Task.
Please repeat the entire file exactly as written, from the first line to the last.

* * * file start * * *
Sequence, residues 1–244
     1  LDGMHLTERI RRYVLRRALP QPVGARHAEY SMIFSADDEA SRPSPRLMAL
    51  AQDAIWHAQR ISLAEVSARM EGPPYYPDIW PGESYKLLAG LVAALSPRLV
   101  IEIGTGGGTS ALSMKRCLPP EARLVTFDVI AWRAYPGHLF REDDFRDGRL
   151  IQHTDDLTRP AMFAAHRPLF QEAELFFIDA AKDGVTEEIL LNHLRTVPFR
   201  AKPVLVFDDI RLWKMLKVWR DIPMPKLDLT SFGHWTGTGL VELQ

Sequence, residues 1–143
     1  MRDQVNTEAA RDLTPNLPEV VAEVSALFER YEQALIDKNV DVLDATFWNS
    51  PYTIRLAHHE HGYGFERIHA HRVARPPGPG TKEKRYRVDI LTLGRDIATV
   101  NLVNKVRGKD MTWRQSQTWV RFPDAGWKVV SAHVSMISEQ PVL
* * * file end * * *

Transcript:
Sequence, residues 1–244
     1  LDGMHLTERI RRYVLRRALP QPVGARHAEY SMIFSADDEA SRPSPRLMAL
    51  AQDAIWHAQR ISLAEVSARM EGPPYYPDIW PGESYKLLAG LVAALSPRLV
   101  IEIGTGGGTS ALSMKRCLPP EARLVTFDVI AWRAYPGHLF REDDFRDGRL
   151  IQHTDDLTRP AMFAAHRPLF QEAELFFIDA AKDGVTEEIL LNHLRTVPFR
   201  AKPVLVFDDI RLWKMLKVWR DIPMPKLDLT SFGHWTGTGL VELQ

Sequence, residues 1–143
     1  MRDQVNTEAA RDLTPNLPEV VAEVSALFER YEQALIDKNV DVLDATFWNS
    51  PYTIRLAHHE HGYGFERIHA HRVARPPGPG TKEKRYRVDI LTLGRDIATV
   101  NLVNKVRGKD MTWRQSQTWV RFPDAGWKVV SAHVSMISEQ PVL